Lesson Plan: President Lyndon Johnson's Great Society Initiatives

President Johnson: 1965 State of the Union Address

In his second State of the Union address, President Johnson called on Americans to continue on the “road to the great society,” proposing a sweeping national agenda from education reforms to a war on deadly diseases to a campaign against pollution. He declared his support for civil rights, specifically the right to vote.

Description

In his 1965 State of the Union address, President Johnson called on Americans to continue on the “road to the great society,” proposing a sweeping national agenda from education reforms to a war on deadly diseases to a campaign against pollution. He declared his support for civil rights, specifically the right to vote and the enforcement of civil rights laws providing “opportunity for all.” In this lesson, students will explore several key pieces of legislation that address some of the issues from the 1960s and their relevance today.

Procedures

  • Step 1:

    Students may take notes on the accompanying handout as they view the video clips in this lesson.

    Handout: LBJ's Great Society (Google Doc)

    View the video below as a class, or on individual devices, to provide a foundation for some of the programs President Johnson discusses in his 1965 State of the Union address. Engage in class discussion to provide context for the programs that will be addressed in the videos in this lesson.

    Video Clip 1: President Johnson: 1965 State of the Union Address (5:15)

  • Step 2:

    Divide students into groups to view this collection of videos that discuss several of the programs that emerged as part of the Great Society plan. Students can take notes to record key points of the programs. When they have finished watching their video, students can discuss the accompanying questions with their group members or partner and be prepared to share their responses during whole class discussion.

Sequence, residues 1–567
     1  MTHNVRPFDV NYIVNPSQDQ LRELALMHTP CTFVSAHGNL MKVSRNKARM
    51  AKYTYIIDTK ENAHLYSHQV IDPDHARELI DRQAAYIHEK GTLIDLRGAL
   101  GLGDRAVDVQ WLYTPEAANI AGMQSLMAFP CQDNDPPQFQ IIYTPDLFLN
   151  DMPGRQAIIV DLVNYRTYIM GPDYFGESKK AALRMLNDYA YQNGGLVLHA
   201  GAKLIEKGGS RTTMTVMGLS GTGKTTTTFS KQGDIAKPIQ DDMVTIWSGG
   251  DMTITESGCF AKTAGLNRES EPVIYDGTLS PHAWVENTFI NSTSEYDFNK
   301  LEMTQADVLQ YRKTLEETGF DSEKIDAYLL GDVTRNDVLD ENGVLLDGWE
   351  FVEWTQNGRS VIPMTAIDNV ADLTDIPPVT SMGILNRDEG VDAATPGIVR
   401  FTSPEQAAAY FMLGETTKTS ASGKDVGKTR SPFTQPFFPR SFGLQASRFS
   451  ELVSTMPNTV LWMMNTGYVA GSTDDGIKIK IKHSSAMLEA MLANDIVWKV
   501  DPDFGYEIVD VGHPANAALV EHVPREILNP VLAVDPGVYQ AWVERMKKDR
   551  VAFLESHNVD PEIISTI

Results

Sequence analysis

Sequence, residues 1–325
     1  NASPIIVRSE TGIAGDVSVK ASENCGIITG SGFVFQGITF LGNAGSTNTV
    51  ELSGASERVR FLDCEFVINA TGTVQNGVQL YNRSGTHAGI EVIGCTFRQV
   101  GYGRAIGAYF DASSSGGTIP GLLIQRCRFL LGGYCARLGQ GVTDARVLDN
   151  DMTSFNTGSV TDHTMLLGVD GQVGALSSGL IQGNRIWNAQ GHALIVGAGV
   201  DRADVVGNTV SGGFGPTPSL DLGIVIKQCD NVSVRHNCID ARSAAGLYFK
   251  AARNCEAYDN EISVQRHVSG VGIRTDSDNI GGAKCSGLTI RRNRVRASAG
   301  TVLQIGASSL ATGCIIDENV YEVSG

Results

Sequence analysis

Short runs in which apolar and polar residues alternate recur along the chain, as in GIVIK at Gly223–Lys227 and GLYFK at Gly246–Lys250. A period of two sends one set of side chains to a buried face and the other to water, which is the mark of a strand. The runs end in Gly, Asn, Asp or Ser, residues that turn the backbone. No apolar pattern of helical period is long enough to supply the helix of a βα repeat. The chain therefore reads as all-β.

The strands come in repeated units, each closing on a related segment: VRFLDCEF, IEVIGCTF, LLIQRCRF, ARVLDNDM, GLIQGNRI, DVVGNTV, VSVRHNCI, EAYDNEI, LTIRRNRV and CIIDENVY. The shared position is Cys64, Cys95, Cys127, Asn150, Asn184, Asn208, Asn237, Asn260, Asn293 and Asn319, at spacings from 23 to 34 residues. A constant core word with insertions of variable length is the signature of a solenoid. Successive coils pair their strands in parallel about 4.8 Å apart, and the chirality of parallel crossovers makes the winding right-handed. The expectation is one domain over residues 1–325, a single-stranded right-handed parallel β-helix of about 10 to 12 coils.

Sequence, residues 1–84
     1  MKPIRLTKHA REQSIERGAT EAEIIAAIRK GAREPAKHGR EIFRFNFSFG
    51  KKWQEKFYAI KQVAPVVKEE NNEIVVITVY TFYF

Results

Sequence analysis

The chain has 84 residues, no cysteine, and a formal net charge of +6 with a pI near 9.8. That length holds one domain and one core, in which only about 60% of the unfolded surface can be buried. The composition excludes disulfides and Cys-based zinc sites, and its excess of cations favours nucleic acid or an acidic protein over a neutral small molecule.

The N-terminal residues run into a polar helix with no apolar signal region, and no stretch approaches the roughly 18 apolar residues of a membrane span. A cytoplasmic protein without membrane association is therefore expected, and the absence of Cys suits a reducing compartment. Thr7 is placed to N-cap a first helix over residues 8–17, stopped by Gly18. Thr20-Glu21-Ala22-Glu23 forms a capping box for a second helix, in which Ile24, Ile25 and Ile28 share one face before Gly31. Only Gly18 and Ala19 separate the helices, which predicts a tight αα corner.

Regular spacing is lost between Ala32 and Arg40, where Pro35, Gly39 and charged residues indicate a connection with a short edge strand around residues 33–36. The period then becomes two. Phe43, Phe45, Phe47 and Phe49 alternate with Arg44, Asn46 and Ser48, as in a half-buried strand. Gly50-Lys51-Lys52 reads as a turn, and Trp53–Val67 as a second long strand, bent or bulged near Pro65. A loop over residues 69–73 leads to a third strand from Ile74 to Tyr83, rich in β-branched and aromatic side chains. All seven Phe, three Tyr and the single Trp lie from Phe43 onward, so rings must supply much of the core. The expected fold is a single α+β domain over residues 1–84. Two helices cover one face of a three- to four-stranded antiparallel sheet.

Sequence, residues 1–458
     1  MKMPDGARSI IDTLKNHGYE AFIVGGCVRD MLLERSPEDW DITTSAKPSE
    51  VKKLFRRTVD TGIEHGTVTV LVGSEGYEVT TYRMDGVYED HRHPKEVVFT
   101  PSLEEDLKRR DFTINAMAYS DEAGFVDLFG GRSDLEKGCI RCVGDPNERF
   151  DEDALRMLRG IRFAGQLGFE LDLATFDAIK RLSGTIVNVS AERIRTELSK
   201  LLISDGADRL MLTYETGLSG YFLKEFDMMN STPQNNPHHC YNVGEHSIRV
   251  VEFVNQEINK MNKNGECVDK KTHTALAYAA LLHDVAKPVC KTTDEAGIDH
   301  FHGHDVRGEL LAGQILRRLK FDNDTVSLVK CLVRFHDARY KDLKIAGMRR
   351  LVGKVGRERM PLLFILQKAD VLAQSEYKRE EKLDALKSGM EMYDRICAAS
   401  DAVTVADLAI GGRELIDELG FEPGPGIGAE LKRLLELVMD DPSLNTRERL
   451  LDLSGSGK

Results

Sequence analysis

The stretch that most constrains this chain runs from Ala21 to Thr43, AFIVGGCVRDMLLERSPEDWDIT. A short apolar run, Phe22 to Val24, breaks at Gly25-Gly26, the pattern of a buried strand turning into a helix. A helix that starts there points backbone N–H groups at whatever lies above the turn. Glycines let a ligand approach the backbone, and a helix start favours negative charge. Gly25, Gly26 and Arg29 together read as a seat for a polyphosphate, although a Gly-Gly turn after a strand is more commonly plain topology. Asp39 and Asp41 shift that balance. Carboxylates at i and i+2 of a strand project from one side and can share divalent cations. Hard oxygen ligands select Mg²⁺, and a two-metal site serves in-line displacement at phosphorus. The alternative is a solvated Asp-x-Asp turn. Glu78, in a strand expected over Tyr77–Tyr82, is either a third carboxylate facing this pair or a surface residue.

Video Clip 2: Elementary and Secondary Education Act of 1965 (5:33)

    Video Clip 3: Medicare and Medicaid Acts of 1965 (5:41)

    Video Clip 4: Omnibus Housing Act of 1965 (5:38)

    Video Clip 5: Immigration and Naturalization Act of 1965 (7:31)

    Video Clip 6: Air Quality Act of 1967 (6:29)

    Video Clip 7: War on Poverty (6:25)

    Video Clip 8: The Voting Rights Act of 1965 (5:30)

    Video Clip 9: Public Broadcasting Act of 1967 (7:45)

  • Step 3:

    After students have viewed the videos and responded to the related questions with their groups or partner, have each group explain the key points of their program.

    Have students reflect on the following statement and determine its validity:

    The programs that were enacted as part of the Great Society were critical for the development of the U.S.

    Students can present their opinions using evidence from the programs that were highlighted in this lesson.

  • Step 4:

    Have students consider the relevance of the programs today. Have the issues that were addressed changed?

    Your Great Society: As a class, generate a list of issues in students' communities that they feel should be addressed. Ask them to choose an issue, form a position and propose solutions. Students should present their positions in a creative way:

    • Create an Instagram story that illustrates your issue, reasoning and solution.

    • Design an ad that includes facts and illustrations of your issue to generate awareness.

    • Develop a playlist of contemporary songs that reflect your issue. List the title and a brief explanation of its relevance.

Vocabulary

  • Bureaucracy
  • Constituents
  • Converge
  • Department Of Labor
  • Department Of State
  • Dichotomy
  • Encumbrance
  • Fannie Mae
  • Federal Housing Administration
  • Freddie Mac
  • Great Depression
  • Incentive
  • Integrity
  • Literacy Test
  • Mitigate
  • No Child Left Behind Act
  • Omnibus
  • Poll Tax
  • Pollutant
  • Quota System
  • Race To The Top
  • Regulation
  • Shelby County V. Holder
  • Supersede
  • Sustainability
  • United States Environmental Protection Agency
  • Urban Development
  • Visas
  • Welfare

Topics

Bureaucracy & RegulationCivil Rights & Civil LibertiesEducationEnvironmental Policy & Land UseExecutive BranchHealthMediaSocial Services U.S. History

Grades

High SchoolUniversity